ARVE Error: id and provider shortcodes attributes are mandatory for old shortcodes. It is recommended to switch to new shortcodes that need only url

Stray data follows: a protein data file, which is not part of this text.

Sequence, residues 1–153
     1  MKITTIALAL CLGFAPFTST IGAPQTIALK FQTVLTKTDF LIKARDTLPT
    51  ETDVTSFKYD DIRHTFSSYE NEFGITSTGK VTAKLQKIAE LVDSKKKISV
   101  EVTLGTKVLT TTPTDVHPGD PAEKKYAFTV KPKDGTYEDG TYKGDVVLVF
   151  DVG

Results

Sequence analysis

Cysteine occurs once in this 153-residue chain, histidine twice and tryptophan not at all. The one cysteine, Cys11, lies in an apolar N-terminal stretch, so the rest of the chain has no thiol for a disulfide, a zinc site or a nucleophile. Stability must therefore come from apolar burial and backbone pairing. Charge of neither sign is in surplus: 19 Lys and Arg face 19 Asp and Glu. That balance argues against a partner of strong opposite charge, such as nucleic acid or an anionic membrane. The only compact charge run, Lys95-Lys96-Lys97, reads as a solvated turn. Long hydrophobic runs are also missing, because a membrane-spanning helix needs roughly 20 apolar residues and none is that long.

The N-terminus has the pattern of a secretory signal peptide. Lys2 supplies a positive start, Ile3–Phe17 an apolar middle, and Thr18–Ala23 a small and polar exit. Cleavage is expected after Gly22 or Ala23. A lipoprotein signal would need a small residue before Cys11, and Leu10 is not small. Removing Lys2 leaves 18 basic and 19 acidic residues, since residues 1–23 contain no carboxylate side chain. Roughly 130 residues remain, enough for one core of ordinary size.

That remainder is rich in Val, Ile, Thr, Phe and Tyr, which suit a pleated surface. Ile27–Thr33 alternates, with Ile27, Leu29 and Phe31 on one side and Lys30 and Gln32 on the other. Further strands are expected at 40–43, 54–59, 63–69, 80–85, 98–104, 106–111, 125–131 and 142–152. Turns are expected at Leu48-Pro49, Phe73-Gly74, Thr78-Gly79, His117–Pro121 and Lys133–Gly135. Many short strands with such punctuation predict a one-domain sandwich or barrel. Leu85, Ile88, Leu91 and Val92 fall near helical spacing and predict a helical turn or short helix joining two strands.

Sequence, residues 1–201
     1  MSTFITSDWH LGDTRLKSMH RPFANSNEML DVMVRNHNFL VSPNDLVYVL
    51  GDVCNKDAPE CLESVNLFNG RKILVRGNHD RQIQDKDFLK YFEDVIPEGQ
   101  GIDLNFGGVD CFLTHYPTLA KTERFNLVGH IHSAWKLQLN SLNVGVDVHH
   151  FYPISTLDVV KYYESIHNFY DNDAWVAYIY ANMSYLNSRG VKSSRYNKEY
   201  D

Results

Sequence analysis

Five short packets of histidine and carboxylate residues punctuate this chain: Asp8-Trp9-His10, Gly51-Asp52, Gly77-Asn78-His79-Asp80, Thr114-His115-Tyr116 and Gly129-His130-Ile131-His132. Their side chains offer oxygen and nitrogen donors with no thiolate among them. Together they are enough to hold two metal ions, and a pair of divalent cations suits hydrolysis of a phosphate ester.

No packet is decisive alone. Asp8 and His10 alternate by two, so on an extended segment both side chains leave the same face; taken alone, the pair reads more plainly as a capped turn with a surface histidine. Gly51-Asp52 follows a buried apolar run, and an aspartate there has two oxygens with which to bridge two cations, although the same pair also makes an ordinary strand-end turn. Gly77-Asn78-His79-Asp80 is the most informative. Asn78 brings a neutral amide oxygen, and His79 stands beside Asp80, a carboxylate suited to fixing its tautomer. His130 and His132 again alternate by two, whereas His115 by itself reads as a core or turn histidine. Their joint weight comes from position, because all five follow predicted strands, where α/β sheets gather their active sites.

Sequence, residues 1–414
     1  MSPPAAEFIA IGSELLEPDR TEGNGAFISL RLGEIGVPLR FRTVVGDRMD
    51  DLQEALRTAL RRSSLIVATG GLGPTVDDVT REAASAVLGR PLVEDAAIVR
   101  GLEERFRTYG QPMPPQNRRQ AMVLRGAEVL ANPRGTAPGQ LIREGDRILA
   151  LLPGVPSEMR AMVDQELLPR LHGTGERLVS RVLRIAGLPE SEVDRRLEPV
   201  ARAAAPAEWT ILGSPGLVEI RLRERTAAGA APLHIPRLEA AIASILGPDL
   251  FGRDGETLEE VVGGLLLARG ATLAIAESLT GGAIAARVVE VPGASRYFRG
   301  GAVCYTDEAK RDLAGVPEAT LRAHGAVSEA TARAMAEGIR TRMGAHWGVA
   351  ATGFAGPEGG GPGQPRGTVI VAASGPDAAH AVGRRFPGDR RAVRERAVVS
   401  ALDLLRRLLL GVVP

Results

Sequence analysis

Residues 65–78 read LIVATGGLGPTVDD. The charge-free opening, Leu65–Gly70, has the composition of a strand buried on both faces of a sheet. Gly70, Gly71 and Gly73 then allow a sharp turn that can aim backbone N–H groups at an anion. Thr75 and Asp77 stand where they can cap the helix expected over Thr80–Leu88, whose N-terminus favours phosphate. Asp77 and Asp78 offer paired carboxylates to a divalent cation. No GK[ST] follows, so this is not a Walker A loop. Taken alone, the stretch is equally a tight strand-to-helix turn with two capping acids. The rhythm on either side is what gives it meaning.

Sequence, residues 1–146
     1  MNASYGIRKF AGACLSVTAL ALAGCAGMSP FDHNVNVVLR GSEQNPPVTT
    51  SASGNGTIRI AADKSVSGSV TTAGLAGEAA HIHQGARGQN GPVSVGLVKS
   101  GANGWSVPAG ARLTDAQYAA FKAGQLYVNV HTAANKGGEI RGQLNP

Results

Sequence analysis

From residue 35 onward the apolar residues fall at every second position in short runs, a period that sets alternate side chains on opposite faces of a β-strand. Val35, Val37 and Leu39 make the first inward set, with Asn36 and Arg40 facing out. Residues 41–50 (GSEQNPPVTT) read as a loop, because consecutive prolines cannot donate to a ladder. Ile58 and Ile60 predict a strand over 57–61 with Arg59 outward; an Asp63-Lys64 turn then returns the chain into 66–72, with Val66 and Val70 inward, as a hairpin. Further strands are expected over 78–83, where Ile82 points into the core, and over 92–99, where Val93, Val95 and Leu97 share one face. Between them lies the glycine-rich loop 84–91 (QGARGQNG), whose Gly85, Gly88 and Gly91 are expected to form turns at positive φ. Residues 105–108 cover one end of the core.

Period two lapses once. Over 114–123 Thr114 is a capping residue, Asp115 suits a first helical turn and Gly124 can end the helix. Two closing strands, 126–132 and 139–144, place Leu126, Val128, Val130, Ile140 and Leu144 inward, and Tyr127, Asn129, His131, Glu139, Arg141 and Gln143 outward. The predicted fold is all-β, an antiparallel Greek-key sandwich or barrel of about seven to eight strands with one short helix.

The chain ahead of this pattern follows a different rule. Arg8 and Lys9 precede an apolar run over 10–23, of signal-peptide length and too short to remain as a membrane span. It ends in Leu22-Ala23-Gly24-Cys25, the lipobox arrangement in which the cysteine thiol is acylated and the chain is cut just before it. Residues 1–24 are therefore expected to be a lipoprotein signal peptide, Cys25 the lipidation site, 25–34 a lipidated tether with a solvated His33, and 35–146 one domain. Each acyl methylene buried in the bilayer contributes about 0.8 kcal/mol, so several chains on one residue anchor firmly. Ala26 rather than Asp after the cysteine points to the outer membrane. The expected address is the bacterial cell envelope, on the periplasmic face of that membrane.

Eddie Harris’ sometimes electric sax was a multi-genre extension of his ever curious and inventive nature. A native of Chicago, Harris studied vibraphone with the noted violinist and music educator Walter Dyett of DuSable High School who had groomed people like Nat King Cole and Bo Diddley among others. Harris’ first professional gig was as a pianist for saxophone player Gene Ammons and he also had the luck to sit in with Charlie Parker and Lester Young. He signed his first record contract with Vee Jay as a pianist but wound up working as a tenor saxophonist. Exodus To Jazz was his first album and it became the first jazz album to go gold because of Harris’ version of the theme song from the Biblical film Exodus. By 1965 he moved to the Columbia label and produced The In Sound which contained his “Freedom Jazz Dance” song that Mile Davis made famous on his Miles Smiles album. In 1966 Harris began to experiment with the electric saxophone called the Varitone on his Mean Greens project. The experimentation paid off and 1967’s The Electrifying Eddie Harris which did well chart wise on the strength of “Listen Here” and proved him to be the best player of the Varitone. The electric kick continued until the end of the ’60’s with Plug Me In, High Voltage and Silver Cycles. “Lovely Is Today” comes from 1968’s Plug Me In. A last minute gig with Less McCann at the Montreux Jazz Festival in 1969 resulted in the Swiss Movement recording made popular by the singles “Compared To What” and “Cold Duck Time.” Harris got involved with fusion in 1970 with Come On Down where he was singing through his instrument. His inventiveness with horns showed-up with the reed trumpet and saxobone that he played on Free Speech and Instant Death. He continued to explore rock music by working Jeff Beck, Steve Winwood and a squad of other British rockers. In 1975 he took his fans by surprise and did the stand-up comedy album That’s Why I’m Talking Shit. In 1976 he recorded the underrated How Can You Live Like That and left Atlantic Records in 1978. Several more Eddie Harris albums were released in the ’80s, ’90’s and ’00s. Eddie Harris died in 1996 of cancer and kidney disease.